Improving Instructional Outcomes For Overall Effectiveness

3975 Words Jul 9th, 2015 16 Pages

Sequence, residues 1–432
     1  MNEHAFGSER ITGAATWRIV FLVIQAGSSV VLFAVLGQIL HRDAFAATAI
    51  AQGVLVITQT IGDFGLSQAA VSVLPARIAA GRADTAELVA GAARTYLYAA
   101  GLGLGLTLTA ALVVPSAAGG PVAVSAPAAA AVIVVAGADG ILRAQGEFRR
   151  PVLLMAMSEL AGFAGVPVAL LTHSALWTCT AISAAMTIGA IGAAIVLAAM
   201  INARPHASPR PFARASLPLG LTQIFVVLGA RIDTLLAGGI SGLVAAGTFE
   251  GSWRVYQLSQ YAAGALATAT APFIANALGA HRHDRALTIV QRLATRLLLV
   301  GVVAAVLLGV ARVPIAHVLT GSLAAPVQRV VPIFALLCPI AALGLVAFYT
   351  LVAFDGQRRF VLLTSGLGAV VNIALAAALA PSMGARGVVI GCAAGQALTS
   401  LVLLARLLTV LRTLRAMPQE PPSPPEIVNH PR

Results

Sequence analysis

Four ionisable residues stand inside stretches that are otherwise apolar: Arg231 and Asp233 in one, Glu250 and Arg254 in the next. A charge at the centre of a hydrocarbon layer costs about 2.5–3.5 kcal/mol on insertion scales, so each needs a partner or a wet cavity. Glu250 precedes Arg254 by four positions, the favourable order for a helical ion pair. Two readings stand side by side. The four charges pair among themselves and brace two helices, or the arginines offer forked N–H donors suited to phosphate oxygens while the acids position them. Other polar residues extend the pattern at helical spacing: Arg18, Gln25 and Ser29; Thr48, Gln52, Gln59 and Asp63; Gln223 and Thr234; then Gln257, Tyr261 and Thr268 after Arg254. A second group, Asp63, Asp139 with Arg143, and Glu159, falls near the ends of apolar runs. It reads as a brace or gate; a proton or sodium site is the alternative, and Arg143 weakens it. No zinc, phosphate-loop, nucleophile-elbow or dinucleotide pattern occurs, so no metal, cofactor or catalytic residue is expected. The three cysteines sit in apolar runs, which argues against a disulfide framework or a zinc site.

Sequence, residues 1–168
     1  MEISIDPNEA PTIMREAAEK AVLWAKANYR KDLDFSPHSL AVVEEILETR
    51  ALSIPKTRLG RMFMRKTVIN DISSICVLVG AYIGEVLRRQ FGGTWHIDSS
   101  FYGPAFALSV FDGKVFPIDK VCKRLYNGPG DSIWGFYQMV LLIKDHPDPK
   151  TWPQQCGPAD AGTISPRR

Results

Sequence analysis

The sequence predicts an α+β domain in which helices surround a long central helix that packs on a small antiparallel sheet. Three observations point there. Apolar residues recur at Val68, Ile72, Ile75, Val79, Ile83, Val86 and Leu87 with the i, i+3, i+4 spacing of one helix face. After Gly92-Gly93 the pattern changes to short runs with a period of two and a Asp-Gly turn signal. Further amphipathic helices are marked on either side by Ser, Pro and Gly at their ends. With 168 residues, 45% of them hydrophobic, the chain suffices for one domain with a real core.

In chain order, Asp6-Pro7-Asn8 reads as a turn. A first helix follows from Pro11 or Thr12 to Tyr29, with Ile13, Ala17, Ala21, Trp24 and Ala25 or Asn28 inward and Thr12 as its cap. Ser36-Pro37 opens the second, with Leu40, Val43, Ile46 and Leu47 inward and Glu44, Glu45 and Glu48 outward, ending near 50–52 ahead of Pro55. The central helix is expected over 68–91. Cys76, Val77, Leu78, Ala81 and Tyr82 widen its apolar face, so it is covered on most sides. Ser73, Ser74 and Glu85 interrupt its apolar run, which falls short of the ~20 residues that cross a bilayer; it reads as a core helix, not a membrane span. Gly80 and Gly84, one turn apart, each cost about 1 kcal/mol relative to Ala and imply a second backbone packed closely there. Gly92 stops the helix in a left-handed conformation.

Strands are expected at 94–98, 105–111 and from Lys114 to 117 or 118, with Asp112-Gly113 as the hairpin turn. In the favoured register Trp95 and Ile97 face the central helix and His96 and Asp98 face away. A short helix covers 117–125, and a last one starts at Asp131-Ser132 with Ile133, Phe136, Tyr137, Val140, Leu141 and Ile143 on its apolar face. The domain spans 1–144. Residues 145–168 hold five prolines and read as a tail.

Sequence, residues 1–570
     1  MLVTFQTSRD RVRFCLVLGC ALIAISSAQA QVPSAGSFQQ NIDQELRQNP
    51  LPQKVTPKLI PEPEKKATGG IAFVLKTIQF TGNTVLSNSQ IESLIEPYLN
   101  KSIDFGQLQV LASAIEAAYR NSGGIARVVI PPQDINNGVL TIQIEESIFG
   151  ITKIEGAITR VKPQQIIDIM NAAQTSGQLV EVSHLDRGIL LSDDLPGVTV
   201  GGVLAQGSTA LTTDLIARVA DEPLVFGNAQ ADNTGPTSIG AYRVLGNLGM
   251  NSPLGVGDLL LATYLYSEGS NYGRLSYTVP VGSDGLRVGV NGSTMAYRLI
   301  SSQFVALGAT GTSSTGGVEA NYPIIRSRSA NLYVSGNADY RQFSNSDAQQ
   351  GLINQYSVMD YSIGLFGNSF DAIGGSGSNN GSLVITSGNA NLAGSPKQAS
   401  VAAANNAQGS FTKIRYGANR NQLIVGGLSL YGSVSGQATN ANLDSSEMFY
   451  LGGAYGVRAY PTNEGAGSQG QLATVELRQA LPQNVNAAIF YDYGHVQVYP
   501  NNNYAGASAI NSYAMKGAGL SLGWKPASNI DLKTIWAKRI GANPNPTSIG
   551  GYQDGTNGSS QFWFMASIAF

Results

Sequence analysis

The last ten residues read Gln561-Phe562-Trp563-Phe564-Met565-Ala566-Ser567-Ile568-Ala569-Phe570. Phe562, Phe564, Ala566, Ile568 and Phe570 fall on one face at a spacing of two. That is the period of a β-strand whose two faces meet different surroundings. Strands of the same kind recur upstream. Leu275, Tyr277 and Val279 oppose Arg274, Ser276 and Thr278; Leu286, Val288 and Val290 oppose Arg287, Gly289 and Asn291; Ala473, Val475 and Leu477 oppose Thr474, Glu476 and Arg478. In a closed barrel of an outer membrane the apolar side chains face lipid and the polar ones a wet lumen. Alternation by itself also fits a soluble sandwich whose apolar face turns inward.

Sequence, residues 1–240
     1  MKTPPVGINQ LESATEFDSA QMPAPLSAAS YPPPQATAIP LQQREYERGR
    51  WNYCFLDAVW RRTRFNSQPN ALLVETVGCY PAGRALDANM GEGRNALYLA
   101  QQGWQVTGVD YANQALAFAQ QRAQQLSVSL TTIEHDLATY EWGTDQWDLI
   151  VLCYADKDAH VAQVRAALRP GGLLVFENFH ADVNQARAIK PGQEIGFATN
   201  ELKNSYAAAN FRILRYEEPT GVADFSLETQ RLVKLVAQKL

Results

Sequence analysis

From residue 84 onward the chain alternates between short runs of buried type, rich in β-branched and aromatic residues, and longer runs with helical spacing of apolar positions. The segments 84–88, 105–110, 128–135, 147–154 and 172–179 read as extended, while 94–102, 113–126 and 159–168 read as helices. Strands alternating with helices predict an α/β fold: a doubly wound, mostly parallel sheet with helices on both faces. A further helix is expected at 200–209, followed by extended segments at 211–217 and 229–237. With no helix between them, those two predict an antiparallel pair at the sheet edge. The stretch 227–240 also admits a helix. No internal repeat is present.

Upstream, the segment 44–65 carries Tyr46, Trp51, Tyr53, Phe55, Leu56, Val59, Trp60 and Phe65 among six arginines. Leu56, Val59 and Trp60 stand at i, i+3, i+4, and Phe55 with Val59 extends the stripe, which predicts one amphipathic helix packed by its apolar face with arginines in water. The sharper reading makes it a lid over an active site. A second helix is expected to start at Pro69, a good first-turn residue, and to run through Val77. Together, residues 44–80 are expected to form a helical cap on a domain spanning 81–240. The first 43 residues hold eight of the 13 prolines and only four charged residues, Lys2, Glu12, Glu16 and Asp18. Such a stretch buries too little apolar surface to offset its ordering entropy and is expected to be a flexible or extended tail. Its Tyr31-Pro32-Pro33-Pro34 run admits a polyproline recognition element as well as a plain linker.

Educators are faced with mounting pressures of accountability and the constant quest for meaningful ways to identify various types of critical data sources, how to collect and analyze data properly, and most importantly, at the core of educator focus, is how to use the data to improve instructional outcomes for overall effectiveness (Monsaas & Engelhand, 1994; Wise, Lufkin, & Roos, 1991; Lane & Stone, 2002; Wayman, Midgely, & Stringfield, 2006; Shen & Cooley, 2008). In response to more rigorous accountability demands, educators are increasingly required to initiate changes in instructional practices and to elevate student achievement (Wise et al., 1991; Monasasa & Englehand, 1994; Halverson, Gregg, Prichett, & Thomas, 2005; Kerr, Marsh, Ikemoto, Darilek, & Barney, 2006). A widespread response of educators to these continuing pressures is to use data analysis as a method of identifying student needs and facilitating changes in instructional practices (Kerr et al., 2006; Wayman, 2007). This approach to improve school outcomes is often referenced to as data-driven decision making (DDDM). Advocates of data-driven decision making argue when instructional leaders, data coaches, and teachers address data, the discussion unites curriculum, instruction, remediation, and distribution of human capital practically and with relevance to the needs of the students (Shen & Cooley, 2008; Protheroe, 2009). Effective data-driven decision making presumes expertise among campus level…
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